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Tuesday, 14 October 2014

New England at Buffalo: 3 Things We Learned

The New England Patriots continued to dominate the Buffalo Bills, defeating their AFC East rival, 37-22, to take sole possession of first place in the division. Including today’s victory, the Patriots sport a 26-3 record against the Bills since Bill Belichick became head coach. Not a great start to Terry Pegula’s ownership, but the Bills did hang in for three quarters, and if not for some first-half mistakes, they could have been in the running for a win.


Here are three things we learned from this game


  1. Buffalo Isn’t Good Enough To Overcome Mistakes


The 13-7 halftime score should have given Bills fans hope. However, all the New England scoring came after Buffalo turnovers. And the way the Buffalo defense dominated the first half, the game could easily have been 7-0 or 10-0 Bills.


Buffalo came into the game tied for the league lead with a +6 turnover ratio. And their mistake-free/opportunistic formula gave them a legit 3-2 record and a share of the division lead. But against the Patriots they lost the turnover battle 3-0, dropped multiple passes, missed assignments in the secondary, and committed 8 accepted penalties for 107 yards.


The Bills are good, almost certainly the second most talented team in the AFC East. But they can’t overcome that many mistakes, especially against teams that don’t beat themselves. The good news is that if they can get back to mistake-free football, they will be contenders for a playoff spot.


  1. Patriots Offense Still Finding Its Way On The Road


Before you say it, yes, 37 points is a very good showing against any NFL team. But the offense struggled in the first half, scoring only on short-field drives after turnovers. To their credit, their halftime adjustments were excellent, and the team scored on four-of-four meaningful possessions in the last 30 minutes.


However, the offensive tackles still struggled. They got zero push in the running game (50 yards total, with a 1.9 ypc average) and gave up the edge too quickly in pass protection. This coming a week after they dominated a comparable Cincinnati front-seven at home.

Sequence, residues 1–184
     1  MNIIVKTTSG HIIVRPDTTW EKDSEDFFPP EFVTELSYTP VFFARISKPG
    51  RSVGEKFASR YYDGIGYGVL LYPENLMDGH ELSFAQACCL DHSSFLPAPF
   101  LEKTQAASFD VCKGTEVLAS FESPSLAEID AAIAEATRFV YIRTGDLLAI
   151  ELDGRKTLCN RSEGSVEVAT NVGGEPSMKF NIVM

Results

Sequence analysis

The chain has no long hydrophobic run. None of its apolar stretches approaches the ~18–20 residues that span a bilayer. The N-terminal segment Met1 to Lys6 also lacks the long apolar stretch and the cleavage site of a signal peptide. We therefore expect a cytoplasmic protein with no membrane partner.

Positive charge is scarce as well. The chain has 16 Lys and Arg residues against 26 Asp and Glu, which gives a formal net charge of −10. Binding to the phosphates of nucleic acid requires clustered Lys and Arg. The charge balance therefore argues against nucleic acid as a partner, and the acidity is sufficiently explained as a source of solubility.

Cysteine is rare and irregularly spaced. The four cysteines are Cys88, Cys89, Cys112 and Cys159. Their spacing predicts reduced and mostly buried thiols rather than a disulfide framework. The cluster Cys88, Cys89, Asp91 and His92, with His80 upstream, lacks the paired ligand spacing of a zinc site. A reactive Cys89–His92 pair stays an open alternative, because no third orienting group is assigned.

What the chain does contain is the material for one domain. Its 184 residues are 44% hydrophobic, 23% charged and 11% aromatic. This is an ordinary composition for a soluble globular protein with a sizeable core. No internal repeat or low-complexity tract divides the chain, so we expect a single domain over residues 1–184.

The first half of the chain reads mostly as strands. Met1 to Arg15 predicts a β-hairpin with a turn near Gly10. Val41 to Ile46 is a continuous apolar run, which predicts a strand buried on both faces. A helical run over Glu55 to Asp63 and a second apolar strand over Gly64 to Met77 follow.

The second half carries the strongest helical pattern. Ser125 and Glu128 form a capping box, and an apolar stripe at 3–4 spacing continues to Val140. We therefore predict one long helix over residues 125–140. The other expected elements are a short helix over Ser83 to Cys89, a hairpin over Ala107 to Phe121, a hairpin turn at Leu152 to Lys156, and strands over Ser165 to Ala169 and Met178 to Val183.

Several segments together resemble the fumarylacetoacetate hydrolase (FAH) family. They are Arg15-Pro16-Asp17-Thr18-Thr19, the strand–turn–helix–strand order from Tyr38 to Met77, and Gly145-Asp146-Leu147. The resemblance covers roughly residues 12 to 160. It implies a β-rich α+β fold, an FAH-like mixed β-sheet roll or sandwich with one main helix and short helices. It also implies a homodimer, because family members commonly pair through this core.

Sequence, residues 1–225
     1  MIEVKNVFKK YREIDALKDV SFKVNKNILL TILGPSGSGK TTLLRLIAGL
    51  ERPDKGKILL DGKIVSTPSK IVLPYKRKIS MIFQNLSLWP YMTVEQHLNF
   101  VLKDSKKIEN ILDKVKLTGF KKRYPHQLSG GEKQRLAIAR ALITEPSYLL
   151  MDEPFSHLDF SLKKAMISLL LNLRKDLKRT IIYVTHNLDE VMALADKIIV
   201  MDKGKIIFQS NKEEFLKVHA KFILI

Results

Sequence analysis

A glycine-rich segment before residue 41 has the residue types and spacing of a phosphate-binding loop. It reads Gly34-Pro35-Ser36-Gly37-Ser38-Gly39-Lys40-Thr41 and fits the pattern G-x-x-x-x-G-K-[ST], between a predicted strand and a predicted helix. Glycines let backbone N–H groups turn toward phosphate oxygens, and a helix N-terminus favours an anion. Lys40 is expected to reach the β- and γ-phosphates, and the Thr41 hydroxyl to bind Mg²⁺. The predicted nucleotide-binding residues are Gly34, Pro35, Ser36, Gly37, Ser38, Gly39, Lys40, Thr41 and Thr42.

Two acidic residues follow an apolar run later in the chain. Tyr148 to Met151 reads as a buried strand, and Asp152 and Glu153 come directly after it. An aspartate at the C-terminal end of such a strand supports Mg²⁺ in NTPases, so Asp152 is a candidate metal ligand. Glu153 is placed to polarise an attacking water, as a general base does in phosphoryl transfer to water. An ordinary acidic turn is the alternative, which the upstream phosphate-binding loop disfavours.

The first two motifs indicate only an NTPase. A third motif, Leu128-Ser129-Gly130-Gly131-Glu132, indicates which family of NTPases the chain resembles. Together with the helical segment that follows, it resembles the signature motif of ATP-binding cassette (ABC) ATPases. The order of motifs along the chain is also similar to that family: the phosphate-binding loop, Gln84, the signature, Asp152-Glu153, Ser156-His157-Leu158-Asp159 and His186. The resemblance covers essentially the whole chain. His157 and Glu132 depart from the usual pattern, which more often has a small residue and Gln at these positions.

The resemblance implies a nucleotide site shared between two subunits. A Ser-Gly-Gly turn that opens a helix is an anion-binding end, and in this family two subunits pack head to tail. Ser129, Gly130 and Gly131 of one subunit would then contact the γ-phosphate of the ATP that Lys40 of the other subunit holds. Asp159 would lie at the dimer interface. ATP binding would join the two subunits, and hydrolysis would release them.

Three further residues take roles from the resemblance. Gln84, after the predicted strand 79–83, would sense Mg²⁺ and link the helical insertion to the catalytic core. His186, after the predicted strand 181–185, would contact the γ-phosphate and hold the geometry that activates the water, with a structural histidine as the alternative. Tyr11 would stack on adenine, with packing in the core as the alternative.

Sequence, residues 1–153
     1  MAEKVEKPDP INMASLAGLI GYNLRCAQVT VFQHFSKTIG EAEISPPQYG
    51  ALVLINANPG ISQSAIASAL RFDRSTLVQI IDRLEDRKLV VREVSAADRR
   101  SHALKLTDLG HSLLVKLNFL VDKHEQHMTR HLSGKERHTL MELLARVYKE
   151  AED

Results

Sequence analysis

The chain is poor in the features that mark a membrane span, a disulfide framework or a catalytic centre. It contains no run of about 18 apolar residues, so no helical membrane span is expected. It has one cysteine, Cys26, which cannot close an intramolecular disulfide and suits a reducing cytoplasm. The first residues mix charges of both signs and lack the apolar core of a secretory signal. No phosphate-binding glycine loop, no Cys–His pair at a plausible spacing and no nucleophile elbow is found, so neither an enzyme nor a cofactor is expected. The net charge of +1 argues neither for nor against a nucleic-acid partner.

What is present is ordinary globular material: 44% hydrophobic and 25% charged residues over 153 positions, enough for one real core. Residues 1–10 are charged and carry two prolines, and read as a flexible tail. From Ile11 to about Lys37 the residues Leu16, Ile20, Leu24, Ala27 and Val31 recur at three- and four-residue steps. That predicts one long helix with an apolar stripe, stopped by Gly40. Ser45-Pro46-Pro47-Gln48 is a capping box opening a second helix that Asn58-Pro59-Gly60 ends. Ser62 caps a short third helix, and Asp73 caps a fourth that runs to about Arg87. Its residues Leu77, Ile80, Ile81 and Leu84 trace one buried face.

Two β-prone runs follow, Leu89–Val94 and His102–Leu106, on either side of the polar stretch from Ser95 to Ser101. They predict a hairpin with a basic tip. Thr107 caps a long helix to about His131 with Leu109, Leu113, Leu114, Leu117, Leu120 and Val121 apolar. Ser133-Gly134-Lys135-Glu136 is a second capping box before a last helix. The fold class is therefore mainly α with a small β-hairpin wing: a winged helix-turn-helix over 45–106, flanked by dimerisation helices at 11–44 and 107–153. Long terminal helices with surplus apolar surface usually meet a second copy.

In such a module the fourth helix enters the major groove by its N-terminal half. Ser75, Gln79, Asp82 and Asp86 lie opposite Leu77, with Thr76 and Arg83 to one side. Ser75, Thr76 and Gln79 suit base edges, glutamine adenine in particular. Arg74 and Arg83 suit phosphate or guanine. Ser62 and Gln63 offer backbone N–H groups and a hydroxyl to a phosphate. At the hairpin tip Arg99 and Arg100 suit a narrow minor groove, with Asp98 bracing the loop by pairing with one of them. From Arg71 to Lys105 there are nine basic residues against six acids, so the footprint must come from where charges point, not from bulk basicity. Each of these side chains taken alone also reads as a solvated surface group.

The difference is crowd noise. Offensive line play is about communication and working as a unit; and when O-line has this little experience together, going with a silent count makes the job doubly difficult. On many plays in this game, you could see the Bills defenders get a better jump off the ball than the Patriots linemen.


On the plus side, improved performance in the second half indicates better in-game adjustments. And the decision to bail on six-linemen sets in favor of second (and sometimes third) tight ends paid big dividends the last two games. And of course, any offense will improve as its stars get healthy, and tight end Rob Gronkowski is rounding into form.


The line will likely struggle on the road until at least Thanksgiving, when their continuity should start to improve their cohesiveness. And the good news for the Patriots is they play only one road game between now and Thanksgiving. If receiver Brandon LaFell and tight end Tim Wright continue to improve, the offense should be clicking nicely by December.


  1. Two Dominant Tight Ends


Sunday featured two great performances by tights ends, one for each team.


The Bills Scott Chandler was their go-to receiver, catching 6 passes for 105 yards. Five of his catches went for first downs, as he repeated exploited the Patriots pass coverage weakness at linebacker. New England simply had no answer for Chandler.


The Patriots would be well advised to worry a bit more about him for the rematch in December. Nothing they did could slow him down, and sliding coverage his way could cause matchup problems with the other Bills receivers.


Patriots Tight end Rob Gronkowski looked uncoverable at times, ending the day with 7 catches for 94 yards (and one touchdown called back on a penalty). The team flanked him out wide several times, and the one-on-one matchup went in Gronkowski’s favor, whether the Bills covered him with a safety or a cornerback.


Other teams should take note, because this alignment either spreads the field laterally or causes a physical matchup problem. As for how the Bills should attack that formation when the teams meet again in December, they double Gronkowski and take their chances with the other tight ends.


But regardless of how the teams adjust for the next matchup, it was impressive to see tight ends be the center of the teams’ offenses. Both players work hard in pass protection and the running game, so it’s nice to throw them a bone once in a while.


Hope you enjoyed the game!


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